Monday 30 December 2013

Another Leaked Memo!

Another memo from the Permanent Secretary at the Ministry of Justice to the Secretary of State has come into my possession, and I thought I'd share it with you:-


As you are aware, with the approach of the festive season and beginning of a New Year, it is customary to provide a report on critical projects within the Department.  Our main focus in the coming year will remain delivering the Transforming Rehabilitation Implementation Programme and therefore this memorandum will deal principally with this policy area.

Again I'm happy to report that basically things are progressing well with only minor glitches being evident and a slightly extended timeframe. I'm assured that we are pretty much on schedule with only one or two Trusts having been somewhat tardy in getting the 'sifting and sorting' out of the way before the year end. All Trusts have now fallen into line, although it was a little surprising that some were willing to 'test the boundaries' to the extent they did. I am however cautiously optimistic that there will be no further difficulties from this quarter.

I agree entirely that the 'leaks' represent an intolerable situation and I can assure you that every effort is being made to locate the sources. Unfortunately I'm advised that there are countless possible individuals who have access to the Risk Assessments and that therefore in a worse case scenario, we may have to accept that the Department remains somewhat 'leaky'. I know this remains a matter of the gravest concern to Ministers, but sadly we may never know who the culprits are. It's a very poor show indeed and may I unreservedly apologise for the very unfortunate reference to the project being likened to 'turning a silk purse into a sow's ear'.  

In the Department we continue to monitor the total probation staff headcount on a regular basis and I'm happy to report that we are well within target in terms of the shedding and natural wastage planned for. Indeed the target has been exceeded to such an extent that it is anticipated all eligible section heads within the Department will have triggered performance related bonus payments by the financial year end.

The reduction in staff overheads has been so successful that I am advised there may well be an overshoot which will require the selective re-employment of some key staff. You will be mindful of the huge success the Department has had recently in re-employing prison officers on fixed-term contracts so as to cover critical understaffing at the London jails. I'm advised that there should be no reason to doubt that probation staff can be encouraged to return on a similar basis.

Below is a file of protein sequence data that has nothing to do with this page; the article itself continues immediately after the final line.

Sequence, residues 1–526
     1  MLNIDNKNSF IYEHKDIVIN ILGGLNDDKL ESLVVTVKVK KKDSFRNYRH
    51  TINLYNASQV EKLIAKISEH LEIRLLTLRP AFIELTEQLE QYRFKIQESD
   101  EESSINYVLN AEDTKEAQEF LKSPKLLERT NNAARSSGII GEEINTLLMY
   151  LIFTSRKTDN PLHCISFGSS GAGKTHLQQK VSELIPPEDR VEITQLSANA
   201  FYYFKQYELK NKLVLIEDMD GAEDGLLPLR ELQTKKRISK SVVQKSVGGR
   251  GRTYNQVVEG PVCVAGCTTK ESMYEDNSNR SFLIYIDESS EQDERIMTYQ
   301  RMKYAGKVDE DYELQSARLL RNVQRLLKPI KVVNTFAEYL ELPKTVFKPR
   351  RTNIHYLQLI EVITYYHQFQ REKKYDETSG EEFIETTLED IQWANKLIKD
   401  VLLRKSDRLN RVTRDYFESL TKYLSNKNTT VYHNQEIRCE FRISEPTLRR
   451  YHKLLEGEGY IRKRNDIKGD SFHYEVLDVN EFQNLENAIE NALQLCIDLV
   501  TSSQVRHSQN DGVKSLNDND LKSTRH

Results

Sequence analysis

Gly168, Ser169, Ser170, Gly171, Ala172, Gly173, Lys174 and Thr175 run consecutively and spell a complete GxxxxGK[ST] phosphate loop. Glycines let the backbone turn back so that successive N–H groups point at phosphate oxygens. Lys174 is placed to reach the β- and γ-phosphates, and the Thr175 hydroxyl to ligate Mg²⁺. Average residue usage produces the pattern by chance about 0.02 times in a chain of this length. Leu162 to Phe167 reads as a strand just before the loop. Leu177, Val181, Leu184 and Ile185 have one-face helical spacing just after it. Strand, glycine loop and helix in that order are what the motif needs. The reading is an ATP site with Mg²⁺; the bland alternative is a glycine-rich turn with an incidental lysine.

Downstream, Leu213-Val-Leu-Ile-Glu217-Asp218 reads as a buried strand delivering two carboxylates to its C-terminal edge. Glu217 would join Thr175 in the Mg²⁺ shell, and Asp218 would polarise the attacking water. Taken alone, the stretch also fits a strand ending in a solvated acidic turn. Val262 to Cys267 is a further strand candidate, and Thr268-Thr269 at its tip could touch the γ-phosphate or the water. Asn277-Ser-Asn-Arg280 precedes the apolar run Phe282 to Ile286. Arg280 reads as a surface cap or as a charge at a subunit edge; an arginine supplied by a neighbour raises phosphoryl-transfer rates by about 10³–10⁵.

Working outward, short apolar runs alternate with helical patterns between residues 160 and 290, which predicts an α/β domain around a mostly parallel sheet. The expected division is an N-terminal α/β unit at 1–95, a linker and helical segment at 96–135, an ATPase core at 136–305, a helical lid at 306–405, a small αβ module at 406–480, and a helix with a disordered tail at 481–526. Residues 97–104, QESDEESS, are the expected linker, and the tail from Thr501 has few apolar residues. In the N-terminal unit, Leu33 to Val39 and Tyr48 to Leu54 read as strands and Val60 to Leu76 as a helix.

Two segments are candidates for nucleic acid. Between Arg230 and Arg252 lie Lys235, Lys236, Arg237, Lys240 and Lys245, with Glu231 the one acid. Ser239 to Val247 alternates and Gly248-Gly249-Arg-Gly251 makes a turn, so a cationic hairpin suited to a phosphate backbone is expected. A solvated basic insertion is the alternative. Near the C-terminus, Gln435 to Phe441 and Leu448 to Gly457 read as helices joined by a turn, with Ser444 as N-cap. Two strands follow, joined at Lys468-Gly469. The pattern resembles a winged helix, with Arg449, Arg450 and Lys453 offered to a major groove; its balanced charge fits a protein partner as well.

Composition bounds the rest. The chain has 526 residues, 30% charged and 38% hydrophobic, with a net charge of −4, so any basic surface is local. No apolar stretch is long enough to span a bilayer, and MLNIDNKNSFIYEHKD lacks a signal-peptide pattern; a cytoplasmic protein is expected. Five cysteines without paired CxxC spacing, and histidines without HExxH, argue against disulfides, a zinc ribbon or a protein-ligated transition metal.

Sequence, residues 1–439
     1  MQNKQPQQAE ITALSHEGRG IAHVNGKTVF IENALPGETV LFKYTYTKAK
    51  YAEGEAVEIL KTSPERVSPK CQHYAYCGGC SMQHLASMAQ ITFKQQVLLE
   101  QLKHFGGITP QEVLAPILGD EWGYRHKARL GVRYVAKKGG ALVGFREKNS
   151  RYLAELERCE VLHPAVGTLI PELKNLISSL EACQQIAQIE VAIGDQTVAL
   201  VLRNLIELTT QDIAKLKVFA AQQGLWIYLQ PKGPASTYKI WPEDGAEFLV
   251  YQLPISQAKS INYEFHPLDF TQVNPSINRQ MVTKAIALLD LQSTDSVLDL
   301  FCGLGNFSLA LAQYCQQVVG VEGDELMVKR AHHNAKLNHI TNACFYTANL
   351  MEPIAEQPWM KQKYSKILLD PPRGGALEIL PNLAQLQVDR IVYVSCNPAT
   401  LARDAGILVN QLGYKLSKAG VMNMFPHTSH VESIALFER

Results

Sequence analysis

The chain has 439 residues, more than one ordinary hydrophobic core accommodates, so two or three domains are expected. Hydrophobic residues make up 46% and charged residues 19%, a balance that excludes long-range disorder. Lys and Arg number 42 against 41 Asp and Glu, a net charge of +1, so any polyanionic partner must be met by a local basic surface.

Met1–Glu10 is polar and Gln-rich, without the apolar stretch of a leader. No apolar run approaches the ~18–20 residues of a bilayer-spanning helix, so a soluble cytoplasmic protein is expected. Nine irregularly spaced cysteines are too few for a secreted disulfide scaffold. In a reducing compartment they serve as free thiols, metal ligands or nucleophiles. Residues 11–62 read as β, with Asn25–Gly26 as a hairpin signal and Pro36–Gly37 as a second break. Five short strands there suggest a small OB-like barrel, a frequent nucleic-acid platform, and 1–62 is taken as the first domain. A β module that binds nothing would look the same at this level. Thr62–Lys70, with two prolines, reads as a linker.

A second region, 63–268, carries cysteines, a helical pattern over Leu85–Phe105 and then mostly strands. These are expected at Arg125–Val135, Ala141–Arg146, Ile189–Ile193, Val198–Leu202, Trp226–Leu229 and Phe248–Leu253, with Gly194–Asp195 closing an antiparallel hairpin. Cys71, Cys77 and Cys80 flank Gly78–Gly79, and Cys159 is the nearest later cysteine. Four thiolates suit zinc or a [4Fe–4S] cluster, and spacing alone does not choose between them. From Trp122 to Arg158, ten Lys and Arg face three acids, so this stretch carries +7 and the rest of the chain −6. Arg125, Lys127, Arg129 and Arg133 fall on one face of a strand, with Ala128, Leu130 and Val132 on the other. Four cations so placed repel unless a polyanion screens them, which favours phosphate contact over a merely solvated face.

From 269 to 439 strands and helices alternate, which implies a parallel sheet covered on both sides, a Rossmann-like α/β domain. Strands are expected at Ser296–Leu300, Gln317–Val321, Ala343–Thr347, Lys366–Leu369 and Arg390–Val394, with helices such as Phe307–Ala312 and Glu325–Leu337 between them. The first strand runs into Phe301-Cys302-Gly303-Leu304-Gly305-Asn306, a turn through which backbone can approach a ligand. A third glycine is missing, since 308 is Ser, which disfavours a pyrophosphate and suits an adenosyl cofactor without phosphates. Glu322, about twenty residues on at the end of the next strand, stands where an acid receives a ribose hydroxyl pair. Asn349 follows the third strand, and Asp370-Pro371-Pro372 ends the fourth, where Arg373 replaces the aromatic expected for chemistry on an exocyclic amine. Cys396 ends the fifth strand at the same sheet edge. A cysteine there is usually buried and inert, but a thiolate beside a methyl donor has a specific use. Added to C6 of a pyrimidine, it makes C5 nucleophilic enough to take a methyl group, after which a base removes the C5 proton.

The Contract Procurement Team continue to report strong interest across all sectors, but it is slightly disappointing that a number of potentially interested parties felt obliged to withdraw, citing issues connected with possible reputational damage. It is also true to say that feedback from potential bidders continues to highlight the higher than expected degree of antipathy and resistance to change being exhibited amongst probation staff, but as you are aware, urgent measures are being adopted to address this issue.

The voluntary sector in particular are being slightly slow in coming forward, however I'm happy to report that, during another recent extremely convivial dinner, Sir Stephen Bubb was able to assure me that nerves have been calmed and that 'charities would definitely be up for it'. As you know, Sir Stephen enjoys access at the highest levels and his assistance, particularly with public relations, has been absolutely key.  

It would seem that the change of emphasis from 'revolution' to a rather less dramatic-sounding 'evolution' is beginning to have the desired effect in calming nerves within the workforce. Undoubtedly the decision to bring forward the announcement of the embryonic Probation Institute has been beneficial, and early indications are that it is assisting in affording the project greater legitimacy generally.

The IT team continue to undertake sterling work, having been bolstered by the temporary secondment of staff from the highly successful Universal Credit Procurement Project. We were indeed extremely fortunate that such high calibre staff became available at such short notice and I'm assured they are already having an effect on the Transforming Rehabilitation IT Harmonisation Programme and that it is both on time and within budget. 

As you are aware, negotiations have now concluded with the Unions and it should be noted what enormous assistance it has been to have had prior serendipitous sight of their position via e-mail. In relation to the blogsite which I know has been causing you some concern, it is true to say there has been a modest increase in activity, but it is still only averaging between 2,500 and 3,000 hits daily. I'm assured there is absolutely no cause for concern. 

In essence I remain confident that the project is completely deliverable and remains robustly on target for full implementation by the summer of 2015 at the absolute latest. 

I remain, Sir, your obedient servant,             


  1. The sun always shines in Grayling's corner of the universe. For those of us facing the uncertainties (alongside the appalling certainties) of TR, the outlook is much bleaker.